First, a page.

Field wide open for the undeclared

Many in N.H. still deciding as primary nears

Email|Print| Text size + By Lisa Wangsness
Globe Staff / January 6, 2008

HOOKSETT, N.H. - Undeclared voters like Joe Arnold are the holy grail of presidential candidates on both sides of the aisle. But they are not at all easy to pin down.

Pausing to chat in the lobby of the Hooksett post office yesterday, Arnold, a veteran, said he is a big fan of John McCain, a Vietnam War hero who presents himself as a friend of the military. But the 41-year-old drywaller from Londonderry also worries about his son-in-law, who cannot afford health insurance for his wife and baby. So he is increasingly leaning toward Hillary Clinton, who he believes might be able to fix the country's healthcare system.

"I would probably say it's time for change," he said.

Now, he said, as he spat chewing tobacco into a Dunkin' Donuts cup, he just has to check Clinton's record on gun owners' rights.

Undeclared voters represent 44 percent of the electorate, New Hampshire's largest single voting bloc, and can vote in either party's primary Tuesday, so they are widely considered the key to victory for candidates in both parties. But they're a key with some unusual edges.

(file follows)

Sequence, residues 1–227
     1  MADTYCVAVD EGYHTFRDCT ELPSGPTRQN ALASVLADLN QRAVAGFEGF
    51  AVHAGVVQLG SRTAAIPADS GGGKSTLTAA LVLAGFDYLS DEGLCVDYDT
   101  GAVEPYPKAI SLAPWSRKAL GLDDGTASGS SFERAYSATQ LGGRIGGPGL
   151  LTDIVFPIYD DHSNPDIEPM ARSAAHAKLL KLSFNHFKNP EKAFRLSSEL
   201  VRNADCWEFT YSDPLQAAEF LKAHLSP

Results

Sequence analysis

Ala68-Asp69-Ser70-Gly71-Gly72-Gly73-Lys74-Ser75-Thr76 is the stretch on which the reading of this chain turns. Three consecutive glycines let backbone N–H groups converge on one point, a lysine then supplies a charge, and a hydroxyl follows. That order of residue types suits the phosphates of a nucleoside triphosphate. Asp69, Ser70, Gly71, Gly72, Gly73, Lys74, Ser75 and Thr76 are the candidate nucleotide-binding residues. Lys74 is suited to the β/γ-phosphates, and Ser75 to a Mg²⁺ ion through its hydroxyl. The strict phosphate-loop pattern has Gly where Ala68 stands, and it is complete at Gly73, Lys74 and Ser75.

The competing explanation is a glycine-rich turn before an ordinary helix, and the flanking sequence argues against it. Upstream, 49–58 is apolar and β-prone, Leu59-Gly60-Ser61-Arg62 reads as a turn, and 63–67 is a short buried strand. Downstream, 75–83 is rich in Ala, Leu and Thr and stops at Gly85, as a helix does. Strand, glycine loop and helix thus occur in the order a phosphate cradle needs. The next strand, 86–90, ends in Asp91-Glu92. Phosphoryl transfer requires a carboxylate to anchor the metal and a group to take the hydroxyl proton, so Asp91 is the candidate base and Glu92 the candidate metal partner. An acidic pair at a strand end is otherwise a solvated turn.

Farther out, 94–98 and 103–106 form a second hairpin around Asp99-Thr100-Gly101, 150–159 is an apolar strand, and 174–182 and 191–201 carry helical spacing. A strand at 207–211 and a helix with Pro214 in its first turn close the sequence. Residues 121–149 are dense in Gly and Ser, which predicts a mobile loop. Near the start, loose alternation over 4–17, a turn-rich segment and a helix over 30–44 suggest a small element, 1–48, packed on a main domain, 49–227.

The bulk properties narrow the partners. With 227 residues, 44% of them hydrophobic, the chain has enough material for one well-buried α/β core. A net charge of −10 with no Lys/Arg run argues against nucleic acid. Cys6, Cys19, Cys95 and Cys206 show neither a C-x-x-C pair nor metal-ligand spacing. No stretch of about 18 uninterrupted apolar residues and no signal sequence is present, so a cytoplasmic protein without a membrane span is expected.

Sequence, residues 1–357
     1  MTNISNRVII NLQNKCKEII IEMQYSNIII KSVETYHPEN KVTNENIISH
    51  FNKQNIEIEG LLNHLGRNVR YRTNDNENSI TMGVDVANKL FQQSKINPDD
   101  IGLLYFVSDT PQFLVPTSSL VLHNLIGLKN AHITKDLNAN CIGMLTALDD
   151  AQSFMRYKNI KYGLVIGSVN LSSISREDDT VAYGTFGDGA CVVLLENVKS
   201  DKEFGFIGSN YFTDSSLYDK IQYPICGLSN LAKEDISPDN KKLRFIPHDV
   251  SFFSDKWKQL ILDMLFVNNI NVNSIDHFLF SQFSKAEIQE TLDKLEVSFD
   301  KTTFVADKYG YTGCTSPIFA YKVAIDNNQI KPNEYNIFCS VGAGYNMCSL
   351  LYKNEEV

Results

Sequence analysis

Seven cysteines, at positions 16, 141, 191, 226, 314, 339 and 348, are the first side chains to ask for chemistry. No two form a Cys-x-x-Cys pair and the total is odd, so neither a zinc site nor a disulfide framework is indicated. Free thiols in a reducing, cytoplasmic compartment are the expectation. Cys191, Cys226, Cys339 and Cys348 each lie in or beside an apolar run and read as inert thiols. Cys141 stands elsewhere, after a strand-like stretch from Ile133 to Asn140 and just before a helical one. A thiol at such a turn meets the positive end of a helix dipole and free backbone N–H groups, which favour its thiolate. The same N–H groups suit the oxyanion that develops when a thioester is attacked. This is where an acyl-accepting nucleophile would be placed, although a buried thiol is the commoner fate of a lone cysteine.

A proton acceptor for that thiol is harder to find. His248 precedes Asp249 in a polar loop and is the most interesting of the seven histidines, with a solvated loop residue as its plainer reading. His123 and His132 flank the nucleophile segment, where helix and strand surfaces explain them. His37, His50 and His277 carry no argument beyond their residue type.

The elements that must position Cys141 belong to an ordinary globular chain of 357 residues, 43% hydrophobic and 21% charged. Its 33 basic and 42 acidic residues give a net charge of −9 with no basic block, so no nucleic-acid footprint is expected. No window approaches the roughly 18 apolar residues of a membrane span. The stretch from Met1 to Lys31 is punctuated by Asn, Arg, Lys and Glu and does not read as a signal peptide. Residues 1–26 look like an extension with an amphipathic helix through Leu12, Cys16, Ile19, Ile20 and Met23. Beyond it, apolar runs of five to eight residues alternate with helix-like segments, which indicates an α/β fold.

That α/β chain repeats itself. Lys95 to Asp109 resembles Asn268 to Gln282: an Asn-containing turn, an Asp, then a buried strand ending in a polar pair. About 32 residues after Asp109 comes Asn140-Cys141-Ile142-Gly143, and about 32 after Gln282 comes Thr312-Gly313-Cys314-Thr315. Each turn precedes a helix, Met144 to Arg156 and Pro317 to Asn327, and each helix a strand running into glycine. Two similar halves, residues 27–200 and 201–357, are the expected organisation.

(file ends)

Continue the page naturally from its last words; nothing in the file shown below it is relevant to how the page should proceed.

In New Hampshire, true independents tend to have a libertarian streak, a penchant for mavericks, and a distaste for politicians who avoid answering questions. Divorced from party machinery and comfortable with playing the field, they tend to enjoy shopping around. This weekend, they are swarming political events across the state in hopes of settling on a candidate.

To be sure, some voters label themselves undeclared but in practice regularly vote either Democratic or Republican. But others, like Arnold, are listening carefully to candidates on both sides of the aisle. For them, the choice is not just between Mitt Romney or Mike Huckabee or between Barack Obama or Clinton, but also between Democrat or Republican, Obama or McCain, for instance.

Obama, who won the Democratic caucuses in Iowa with heavy support from independents, and McCain, who won the 2000 New Hampshire primary with their support, are particularly eager to win over this group. A Rasmussen tracking poll yesterday suggests that independents could make up 40 percent of the Democratic electorate and 32 percent of the Republican electorate in this year's primary.